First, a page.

Critical Lens

Topics: Robinson Crusoe, Novel, Daniel Defoe Pages: 1 (385 words) Published: January 9, 2012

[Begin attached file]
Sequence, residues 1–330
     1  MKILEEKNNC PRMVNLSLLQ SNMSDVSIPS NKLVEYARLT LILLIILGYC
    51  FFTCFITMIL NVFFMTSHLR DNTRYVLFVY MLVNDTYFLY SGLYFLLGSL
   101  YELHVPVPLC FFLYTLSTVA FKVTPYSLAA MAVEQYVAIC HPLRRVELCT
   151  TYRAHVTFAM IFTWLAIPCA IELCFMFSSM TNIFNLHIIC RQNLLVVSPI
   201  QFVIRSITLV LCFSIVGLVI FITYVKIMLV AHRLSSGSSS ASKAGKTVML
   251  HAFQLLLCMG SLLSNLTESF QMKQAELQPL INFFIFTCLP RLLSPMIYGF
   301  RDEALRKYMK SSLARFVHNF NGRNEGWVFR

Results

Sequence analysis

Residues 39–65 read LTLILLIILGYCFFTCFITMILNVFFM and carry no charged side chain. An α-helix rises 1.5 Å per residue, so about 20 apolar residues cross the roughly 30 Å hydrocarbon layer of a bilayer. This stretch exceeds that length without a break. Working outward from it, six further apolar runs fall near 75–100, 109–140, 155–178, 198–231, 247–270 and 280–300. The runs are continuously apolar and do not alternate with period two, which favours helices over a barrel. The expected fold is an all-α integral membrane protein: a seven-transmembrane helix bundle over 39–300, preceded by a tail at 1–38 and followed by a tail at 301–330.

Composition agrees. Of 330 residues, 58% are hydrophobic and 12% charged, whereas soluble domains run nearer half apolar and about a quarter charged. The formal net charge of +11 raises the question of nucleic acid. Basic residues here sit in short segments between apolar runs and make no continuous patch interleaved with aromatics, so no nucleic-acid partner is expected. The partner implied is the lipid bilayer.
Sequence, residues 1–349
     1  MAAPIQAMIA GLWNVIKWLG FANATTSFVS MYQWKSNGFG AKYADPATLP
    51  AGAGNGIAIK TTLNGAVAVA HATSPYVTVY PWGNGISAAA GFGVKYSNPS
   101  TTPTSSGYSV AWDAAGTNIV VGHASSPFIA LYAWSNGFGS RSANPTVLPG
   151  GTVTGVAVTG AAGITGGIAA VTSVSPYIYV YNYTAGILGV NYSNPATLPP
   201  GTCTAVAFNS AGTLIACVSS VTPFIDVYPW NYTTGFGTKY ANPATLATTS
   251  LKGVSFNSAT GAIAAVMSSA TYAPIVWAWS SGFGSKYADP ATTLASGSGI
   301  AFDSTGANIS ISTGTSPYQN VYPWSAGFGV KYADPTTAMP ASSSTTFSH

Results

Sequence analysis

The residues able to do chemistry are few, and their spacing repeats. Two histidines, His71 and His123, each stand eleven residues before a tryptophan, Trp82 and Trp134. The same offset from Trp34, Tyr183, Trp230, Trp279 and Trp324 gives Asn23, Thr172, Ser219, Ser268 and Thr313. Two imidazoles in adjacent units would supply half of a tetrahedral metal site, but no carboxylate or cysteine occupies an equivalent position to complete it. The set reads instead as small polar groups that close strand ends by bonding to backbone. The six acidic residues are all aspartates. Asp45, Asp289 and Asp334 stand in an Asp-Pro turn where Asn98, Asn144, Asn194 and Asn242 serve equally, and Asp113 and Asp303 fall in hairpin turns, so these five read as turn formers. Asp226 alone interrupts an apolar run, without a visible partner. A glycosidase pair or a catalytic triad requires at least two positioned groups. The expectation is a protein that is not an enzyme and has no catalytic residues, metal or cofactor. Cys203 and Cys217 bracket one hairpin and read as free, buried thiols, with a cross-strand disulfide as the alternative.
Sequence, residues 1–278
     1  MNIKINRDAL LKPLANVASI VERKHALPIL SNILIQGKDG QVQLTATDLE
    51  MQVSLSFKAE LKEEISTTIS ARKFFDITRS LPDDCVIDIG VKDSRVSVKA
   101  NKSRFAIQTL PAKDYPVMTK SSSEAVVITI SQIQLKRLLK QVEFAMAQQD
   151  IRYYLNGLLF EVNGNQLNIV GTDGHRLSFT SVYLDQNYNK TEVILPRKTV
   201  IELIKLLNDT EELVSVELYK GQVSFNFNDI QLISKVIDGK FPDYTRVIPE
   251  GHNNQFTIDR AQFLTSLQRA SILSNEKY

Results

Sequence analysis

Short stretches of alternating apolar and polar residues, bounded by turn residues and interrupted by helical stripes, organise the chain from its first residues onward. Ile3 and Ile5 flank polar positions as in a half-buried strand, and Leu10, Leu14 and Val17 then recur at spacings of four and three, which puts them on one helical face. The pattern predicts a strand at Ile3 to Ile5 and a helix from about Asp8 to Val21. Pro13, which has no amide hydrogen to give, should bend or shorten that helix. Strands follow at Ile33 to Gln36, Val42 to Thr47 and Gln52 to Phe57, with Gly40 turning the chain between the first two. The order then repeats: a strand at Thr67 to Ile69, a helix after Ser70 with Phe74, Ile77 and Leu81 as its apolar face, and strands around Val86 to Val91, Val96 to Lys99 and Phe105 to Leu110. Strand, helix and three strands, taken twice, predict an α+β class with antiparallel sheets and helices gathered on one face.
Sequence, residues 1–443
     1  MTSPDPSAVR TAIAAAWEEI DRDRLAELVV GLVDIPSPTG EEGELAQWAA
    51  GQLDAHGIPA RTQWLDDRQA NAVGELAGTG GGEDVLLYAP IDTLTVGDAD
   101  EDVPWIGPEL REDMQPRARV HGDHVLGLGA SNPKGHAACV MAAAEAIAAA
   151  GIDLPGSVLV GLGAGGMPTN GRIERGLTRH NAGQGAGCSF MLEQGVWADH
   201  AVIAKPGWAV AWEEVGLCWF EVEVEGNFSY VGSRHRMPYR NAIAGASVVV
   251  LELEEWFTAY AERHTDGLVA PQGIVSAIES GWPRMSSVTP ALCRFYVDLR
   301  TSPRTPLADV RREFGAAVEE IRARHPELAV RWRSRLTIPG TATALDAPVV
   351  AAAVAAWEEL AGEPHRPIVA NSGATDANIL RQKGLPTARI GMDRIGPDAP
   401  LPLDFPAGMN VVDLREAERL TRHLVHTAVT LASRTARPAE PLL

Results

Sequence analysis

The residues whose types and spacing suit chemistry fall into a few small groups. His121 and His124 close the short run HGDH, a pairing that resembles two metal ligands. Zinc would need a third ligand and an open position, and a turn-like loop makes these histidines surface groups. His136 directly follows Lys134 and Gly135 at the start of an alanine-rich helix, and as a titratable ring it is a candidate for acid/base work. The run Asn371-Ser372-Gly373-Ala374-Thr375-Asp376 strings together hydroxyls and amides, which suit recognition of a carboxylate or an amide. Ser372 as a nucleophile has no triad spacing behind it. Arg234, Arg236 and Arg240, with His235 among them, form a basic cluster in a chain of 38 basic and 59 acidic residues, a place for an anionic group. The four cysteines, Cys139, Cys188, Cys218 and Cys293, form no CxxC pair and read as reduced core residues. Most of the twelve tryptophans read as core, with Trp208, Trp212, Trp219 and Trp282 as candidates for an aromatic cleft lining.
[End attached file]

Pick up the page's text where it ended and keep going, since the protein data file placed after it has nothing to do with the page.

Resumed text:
According to Seneca, a Roman philosopher, “The bravest sight in the world is to see a great man struggling against adversity.” In other words, the boldest thing in this world is to see an honorable person fighting against misfortune, and never give up. I agree with this statement because it happens in real life and in literature. A man who goes against tragedy caused by nature, human or himself is considered great and honorable. Two works of literature that illustrate the quote as I have explained it are Robinson Crusoe by Daniel Defoe and Night by Elie Wiesel. Robinson Crusoe by Daniel Defoe is a good example of this statement because the protagonist, Robinson Crusoe, ensures his survival through storms, enslavement, and twenty-eight year isolation on a desert island. Robinson is both the narrator and protagonist of the novel. The major conflict in this novel is Crusoe shipwrecked alone, forcing him to fend for himself and his basic needs. He lost his only friend, Friday. He struggles between hardships, loneliness in his attempt to survive on a desert island. Crusoe was fighting alone against the force of nature and his own inner fears. Night by Elie Wiesel is a good example of this statement because the protagonist struggles with Nazi persecution and with his own faith in God and in humanity. It is written in first person’s point of view. Fire appears throughout the novel as a symbol of the Nazis’ cruel power comes against humanity. The rising action is Eliezer’s journey through the various concentration camps and the subsequent deterioration of his father and himself. The climax is when his father died. This cause Eliezer’s eternal conflict, he was now alone by himself, struggling to maintain faith in a generous god, silence and cruelty towards other human. In conclusion, it is clear that in both Robinson Crusoe and Night the characters discover “The bravest sight in the world is to see a great man struggling against adversity.” A great man...
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